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THE WILD PARROTS OF TELEGRAPH HILL

Review by Ed Nguyen

Stars: Mark Bittner
Director: Judy Irving
Audio: English Dolby 5.1 or stereo 2.0
Subtitles: English closed captions
Video: Color, full-screen
Studio: New Video
Features: Flock update, short films, home movie, music video, deleted scenes, trailers, booklet, promotional pages
Length: 83 minutes
Release Date: December 27, 2005

"Once he had the opportunity to be wild, he wanted to stay free."

Documentary ***

When one thinks of parrots and their wild habitats, usually the image of a dense South American rainforest is conjured to mind.  A teeming urban metropolis hardly qualifies.  Yet, strangely enough, stable populations of wild parrots indeed exist and thrive within such startling and unlikeliest of locations.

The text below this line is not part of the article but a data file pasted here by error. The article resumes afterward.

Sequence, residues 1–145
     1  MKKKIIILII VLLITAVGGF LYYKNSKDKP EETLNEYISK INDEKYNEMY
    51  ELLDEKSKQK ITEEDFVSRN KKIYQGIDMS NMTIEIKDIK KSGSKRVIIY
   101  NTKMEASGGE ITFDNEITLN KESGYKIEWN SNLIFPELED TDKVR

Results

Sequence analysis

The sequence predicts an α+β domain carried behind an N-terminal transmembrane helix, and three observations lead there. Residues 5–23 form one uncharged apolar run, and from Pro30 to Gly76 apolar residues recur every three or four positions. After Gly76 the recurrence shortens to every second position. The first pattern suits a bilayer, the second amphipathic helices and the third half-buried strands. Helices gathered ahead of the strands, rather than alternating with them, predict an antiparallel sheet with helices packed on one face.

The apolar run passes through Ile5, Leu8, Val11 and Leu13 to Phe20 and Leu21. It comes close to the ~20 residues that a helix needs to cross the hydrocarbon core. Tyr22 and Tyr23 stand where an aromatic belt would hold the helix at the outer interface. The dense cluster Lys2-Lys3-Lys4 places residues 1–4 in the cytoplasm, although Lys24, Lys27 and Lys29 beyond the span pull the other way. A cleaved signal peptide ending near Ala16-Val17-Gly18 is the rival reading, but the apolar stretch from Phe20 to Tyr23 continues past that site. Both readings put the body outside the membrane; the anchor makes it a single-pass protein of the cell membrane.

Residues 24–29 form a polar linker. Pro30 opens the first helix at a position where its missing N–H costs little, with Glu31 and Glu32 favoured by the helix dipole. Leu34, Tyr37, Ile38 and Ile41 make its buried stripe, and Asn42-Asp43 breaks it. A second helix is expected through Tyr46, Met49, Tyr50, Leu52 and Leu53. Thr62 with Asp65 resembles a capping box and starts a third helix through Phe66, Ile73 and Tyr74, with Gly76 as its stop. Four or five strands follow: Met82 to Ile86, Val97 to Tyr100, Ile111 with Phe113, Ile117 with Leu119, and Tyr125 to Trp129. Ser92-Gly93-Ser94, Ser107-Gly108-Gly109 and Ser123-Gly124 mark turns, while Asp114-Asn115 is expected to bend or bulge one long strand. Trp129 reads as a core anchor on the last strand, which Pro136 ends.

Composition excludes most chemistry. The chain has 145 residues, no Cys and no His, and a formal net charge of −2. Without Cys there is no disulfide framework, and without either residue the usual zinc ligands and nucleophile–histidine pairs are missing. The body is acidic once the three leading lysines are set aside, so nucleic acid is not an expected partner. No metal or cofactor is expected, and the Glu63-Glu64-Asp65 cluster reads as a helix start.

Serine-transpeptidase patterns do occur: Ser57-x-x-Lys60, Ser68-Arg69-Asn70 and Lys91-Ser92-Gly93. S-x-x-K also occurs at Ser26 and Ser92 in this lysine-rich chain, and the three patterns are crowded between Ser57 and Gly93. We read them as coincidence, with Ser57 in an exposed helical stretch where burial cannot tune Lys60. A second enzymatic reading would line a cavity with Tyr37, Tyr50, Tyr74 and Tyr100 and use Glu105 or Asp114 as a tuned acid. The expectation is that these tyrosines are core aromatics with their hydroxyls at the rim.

Judy Irving's documentary The Wild Parrots of Telegraph Hill (2003) follows one such Californian flock of cherry-headed conures.  These parrots are northern Peruvian birds and certainly not indigenous to the United States.  Nonetheless, there they are, bunches of cherry-headed conures flapping around the hills of San Francisco.

One man who has taken these colorful and intelligent birds to heart over the years is Mark Bittner.  Once an aspiring young musician but now simply a friendly if harmlessly eccentric San Franciscan, Bittner spends his ample free time tending to these wild birds.  He feeds them and observes their behavior continuously.  In fact, Bittner has such rare insight into the behavioral patterns of these parrots that his common knowledge of the conures would rival that of a trained ornithologist.

Bittner hypothesizes that the original parrots had either been released or had escaped from their cages, with subsequent successive generations of parrots accounting for the increasing size of the parrot population around the bay area.  Other San Francisco residents, including inquisitive tourists or peeping neighbors, also offer their own urban legends over how the birds might have arrived into the area.